US Large Cap Rolling Real Total Returns

Source: LSEG Datastream, RiverFront; data monthly, as of 11.30.2023. Chart left shown for illustrative purposes only. Past performance is no indication of future results.

The risk of using an underpowered weapon can be significant. For example, from 2008 to 2022 the Fed Funds (cash) rate spent much of the time below the inflation rate, as measured by the Consumer Price Index (CPI). Retirees holding too much cash over this 14-year period lost a significant amount of purchasing power and faced the difficult choice of cutting back their living standards or tapping into their savings to make up the difference.

Consider…The Fed is not Always the Cash Investors ‘Friend.’

The yields on cash equivalents are set by the US Federal Reserve, which means they have no connection to the required rates of return for most investors. Rather, cash rates are a tool that the Fed uses to implement monetary policy. Often Fed policy goals run counter to the goals of an individual. For example, during tough times, when investors need the highest returns, the Fed is motivated to lower the returns on cash to stimulate the economy.

Conclusion: Cash Equivalents are a Poor ‘Match’ for Long-Term Liabilities

Funding a long-term liability with a short-term asset like cash, in our view, is the equivalent of bringing a ‘knife’ to a ‘gunfight.’     While we expect interest rates to remain above inflation in the near term, our specific concern arises when cash is earmarked for longer-term obligations. Cash can be an effective funding source for those liabilities that are less than three years, like a downpayment on a house or to fund a year-end tax bill. That is because the returns on cash are relatively certain over the short term. However, beyond three years, cash returns are unknown and have historically only offered a modest pick-up over inflation. For this reason, cash can be an imperfect match to fund long-term liabilities.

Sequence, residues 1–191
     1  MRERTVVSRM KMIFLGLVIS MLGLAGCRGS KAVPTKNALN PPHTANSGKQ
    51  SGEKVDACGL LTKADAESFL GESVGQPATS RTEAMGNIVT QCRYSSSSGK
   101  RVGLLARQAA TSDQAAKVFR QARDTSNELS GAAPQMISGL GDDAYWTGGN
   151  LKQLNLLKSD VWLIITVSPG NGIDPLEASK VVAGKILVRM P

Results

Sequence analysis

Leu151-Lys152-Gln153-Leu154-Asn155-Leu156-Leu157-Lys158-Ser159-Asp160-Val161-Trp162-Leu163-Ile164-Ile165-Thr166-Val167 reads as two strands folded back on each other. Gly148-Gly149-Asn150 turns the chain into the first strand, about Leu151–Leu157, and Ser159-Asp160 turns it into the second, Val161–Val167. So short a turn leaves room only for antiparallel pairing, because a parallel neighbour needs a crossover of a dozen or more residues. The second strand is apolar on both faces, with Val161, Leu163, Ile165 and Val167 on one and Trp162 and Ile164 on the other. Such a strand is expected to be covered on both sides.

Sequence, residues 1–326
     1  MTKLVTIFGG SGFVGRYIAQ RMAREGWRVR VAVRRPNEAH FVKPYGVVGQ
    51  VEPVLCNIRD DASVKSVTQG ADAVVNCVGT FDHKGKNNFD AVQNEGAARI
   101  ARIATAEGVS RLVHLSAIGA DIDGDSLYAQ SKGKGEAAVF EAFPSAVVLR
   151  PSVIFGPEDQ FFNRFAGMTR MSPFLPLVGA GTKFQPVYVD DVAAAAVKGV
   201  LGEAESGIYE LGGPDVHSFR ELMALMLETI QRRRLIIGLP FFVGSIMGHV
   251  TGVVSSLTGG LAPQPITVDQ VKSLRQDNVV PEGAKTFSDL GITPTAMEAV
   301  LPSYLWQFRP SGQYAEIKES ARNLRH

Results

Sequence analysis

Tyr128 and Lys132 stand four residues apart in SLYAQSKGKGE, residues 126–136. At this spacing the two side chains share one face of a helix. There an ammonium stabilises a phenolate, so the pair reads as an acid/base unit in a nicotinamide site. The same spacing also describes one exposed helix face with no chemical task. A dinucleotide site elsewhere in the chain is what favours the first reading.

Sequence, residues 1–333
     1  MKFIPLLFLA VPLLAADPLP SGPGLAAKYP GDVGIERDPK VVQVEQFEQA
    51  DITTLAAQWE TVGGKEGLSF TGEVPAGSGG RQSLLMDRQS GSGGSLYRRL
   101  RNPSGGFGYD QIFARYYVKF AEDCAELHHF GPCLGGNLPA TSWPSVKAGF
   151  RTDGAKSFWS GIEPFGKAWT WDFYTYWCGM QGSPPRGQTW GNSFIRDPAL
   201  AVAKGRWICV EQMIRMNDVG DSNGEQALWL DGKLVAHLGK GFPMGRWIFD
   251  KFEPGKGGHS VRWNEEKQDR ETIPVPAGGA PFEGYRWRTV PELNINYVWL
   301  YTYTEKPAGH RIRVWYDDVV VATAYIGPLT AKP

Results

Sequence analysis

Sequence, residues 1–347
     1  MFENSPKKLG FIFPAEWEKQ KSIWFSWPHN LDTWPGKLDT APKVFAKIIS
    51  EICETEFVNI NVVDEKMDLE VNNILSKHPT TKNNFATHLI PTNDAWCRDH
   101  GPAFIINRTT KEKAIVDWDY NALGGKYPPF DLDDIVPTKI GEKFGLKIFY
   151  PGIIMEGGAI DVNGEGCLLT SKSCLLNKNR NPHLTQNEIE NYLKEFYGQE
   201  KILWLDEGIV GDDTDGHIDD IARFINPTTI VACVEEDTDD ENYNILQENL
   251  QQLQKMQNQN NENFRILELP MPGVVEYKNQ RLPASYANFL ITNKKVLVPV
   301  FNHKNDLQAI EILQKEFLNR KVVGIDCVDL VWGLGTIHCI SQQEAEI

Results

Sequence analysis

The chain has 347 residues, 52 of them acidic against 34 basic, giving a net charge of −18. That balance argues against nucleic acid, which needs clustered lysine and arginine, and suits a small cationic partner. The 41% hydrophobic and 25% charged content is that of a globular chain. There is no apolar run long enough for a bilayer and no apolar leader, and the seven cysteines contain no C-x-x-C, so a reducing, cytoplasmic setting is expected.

Good Time to Rectify Cash Mismatches

The Fed has put holders of cash and cash equivalents on alert: high short-term rates now have an expiration date, and that date is likely sometime in 2024. For this reason, we have lengthened maturities in the fixed income portion of our balanced portfolios and remain overweight stocks.

Risk Discussion: All investments in securities, including the strategies discussed above, include a risk of loss of principal (invested amount) and any profits that have not been realized. Markets fluctuate substantially over time, and have experienced increased volatility in recent years due to global and domestic economic events. Performance of any investment is not guaranteed. In a rising interest rate environment, the value of fixed-income securities generally declines. Diversification does not guarantee a profit or protect against a loss. Investments in international and emerging markets securities include exposure to risks such as currency fluctuations, foreign taxes and regulations, and the potential for illiquid markets and political instability. Please see the end of this publication for more disclosures.

Important Disclosure Information: